The new logo keeps the badge outline, but replaces the grey and orange design that went overkill on the gradients with a simpler black-and-white one that’s literally rougher around the edges.
But the formula isn’t being toyed with. CHOM remains “the spirit of rock” and the music will sound the same.
“We thought the logo was a bit dated even though it’s not that old,” program director André Lallier told me on Friday. “The timing was good also, because over the past two years, the music has evolved. We’re playing a lot of newer stuff.”
The new logo, and the ad campaign that goes with it, are the work of ad agency Bleublancrouge, whose clients include The Gazette. (It did their Words Matter campaign in 2006.)
Lallier said it was the agency that approached them about three months ago asking if they could pitch an idea. “They said we’ll work on something and present something to you in three to six weeks.” After giving the agency a full briefing on how CHOM sees itself and what it’s looking for, Bleublancrouge returned with this campaign, which is focused on CHOM’s music: a mix of classic rock and new rock.
Lallier said they loved the idea. “It’s so tied in to what we’re doing,” he said, so they have decided to go through with the campaign, which is called “We’re in it for life.”
“It’s not a huge campaign with a lot of weight, but we’ll be everywhere,” said Chloé Boissonnault, senior director of communications and marketing for Bell Media.
It features a video ad, an audio ad, print ads and outdoor ads, including this design that I’m sure the agency is going to submit to as many ad awards organizations as it can:
The 15-second video ad says “We dare you not to hear Mick Jagger,” then shows the lyrics to Satisfaction karaoke-style, with no audio.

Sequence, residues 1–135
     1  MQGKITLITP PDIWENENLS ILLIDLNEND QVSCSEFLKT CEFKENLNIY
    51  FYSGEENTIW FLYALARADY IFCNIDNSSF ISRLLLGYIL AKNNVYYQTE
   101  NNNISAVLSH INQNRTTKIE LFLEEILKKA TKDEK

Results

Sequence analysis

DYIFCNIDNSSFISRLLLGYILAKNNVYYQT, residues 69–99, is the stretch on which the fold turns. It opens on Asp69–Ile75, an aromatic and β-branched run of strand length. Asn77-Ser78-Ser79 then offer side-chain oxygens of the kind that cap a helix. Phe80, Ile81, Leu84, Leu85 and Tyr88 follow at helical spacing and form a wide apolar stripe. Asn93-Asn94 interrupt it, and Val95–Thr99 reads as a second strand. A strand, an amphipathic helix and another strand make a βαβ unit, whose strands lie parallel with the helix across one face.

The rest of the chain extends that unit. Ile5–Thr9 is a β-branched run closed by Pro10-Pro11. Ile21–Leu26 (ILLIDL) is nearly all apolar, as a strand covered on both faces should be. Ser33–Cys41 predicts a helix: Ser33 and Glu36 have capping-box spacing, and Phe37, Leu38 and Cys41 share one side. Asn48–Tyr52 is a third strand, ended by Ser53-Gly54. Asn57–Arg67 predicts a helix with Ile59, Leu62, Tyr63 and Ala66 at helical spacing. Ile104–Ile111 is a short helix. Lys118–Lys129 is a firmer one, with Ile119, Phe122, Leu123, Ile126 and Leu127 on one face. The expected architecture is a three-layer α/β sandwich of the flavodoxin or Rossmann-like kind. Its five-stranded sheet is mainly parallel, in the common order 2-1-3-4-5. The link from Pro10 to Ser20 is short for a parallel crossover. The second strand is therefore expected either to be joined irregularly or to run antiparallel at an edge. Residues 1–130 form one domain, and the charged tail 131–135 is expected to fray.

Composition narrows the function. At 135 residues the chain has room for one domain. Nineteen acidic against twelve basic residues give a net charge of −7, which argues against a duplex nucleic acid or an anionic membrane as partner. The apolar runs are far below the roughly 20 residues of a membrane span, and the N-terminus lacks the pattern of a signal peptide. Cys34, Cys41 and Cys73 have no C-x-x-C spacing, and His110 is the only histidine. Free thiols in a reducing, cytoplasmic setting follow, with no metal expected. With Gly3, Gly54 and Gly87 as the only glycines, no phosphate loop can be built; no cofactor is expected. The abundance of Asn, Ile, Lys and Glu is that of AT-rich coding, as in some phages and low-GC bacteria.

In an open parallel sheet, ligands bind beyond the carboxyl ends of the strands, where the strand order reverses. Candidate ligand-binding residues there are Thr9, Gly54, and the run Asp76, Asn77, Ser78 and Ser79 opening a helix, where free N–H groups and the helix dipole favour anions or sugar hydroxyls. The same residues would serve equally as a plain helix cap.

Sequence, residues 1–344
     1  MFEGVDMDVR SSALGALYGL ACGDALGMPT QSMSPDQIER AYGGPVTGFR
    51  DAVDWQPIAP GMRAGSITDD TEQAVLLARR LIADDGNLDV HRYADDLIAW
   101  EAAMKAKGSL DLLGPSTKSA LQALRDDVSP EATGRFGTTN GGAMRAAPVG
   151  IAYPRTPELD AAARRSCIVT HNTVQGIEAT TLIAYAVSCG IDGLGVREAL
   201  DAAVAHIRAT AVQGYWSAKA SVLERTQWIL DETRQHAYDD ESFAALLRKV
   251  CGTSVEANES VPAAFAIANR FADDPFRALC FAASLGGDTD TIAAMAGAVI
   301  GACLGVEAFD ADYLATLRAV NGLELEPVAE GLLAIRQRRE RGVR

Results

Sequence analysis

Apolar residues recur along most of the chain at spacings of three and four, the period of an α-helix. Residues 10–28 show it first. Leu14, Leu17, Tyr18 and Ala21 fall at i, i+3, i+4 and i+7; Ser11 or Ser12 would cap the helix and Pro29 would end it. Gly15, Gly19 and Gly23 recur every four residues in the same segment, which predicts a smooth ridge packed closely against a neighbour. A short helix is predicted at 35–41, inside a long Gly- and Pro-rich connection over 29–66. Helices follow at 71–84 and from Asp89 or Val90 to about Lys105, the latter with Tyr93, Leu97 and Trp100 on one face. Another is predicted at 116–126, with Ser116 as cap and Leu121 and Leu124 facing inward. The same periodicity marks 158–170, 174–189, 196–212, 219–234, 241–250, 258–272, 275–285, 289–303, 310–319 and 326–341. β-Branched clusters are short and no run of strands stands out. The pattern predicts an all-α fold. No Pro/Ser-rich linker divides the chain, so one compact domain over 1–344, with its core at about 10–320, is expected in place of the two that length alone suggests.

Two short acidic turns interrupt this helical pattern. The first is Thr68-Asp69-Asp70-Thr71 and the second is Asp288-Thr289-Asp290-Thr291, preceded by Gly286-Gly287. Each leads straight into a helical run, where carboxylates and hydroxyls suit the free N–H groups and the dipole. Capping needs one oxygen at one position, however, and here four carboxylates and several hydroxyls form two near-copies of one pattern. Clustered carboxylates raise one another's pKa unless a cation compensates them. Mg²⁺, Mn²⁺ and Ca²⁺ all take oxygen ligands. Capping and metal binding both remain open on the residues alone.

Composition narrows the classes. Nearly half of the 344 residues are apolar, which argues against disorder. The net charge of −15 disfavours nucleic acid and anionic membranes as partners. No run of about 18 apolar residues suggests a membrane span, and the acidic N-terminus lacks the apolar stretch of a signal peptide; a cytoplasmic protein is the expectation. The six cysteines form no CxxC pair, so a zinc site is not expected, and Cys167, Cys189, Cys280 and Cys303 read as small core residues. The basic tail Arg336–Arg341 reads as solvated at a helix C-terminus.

A 30-second radio ad implores tired parents to call the “CHOM hotline” at 1-854-0575-2854-0575-485-4057-5958-5957-5057, and then plays someone dialling that number to reveal the opening notes to Guns N’ Roses’ Sweet Child O Mine. (In reality, it would sound more like this.)
Other examples I was sent include a poster at the airport (using Astral Out-of-Home advertising, of course) with the names of songs that evoke warmer places than here: Cheap Sunglasses, Tequila Sunrise, Blister in the Sun. Or a print ad that draws a timeline from “Born to run” through “Smells Like Teen Spirit” to “When I’m 64” and finally “Stairway to Heaven”.
I like that the campaign is focused on music, and treats the audience as if it knows music. But the campaign is based on familiarity with classic hits, and so misses the boat on two big things that CHOM says it’s about: new rock music and a focus on local artists. There’s no local focus in this campaign, and I don’t see too many songs from this millennium mentioned.
CHOM’s campaign, which begins today, will run until Dec. 31, but will probably come back in the spring “for another phase of the campaign,” Boissonnault said.
CJAD had its latest brand refresh last year, and so it’s not expected to make a big change in the short term. NRJ, Rouge FM and Virgin Radio are national brands. The first two, which have a network of stations in Quebec, undergo these ad campaigns every year. Boissonnault said work is being done in Toronto on a Virgin Radio brand refresh, expected to come in January or February.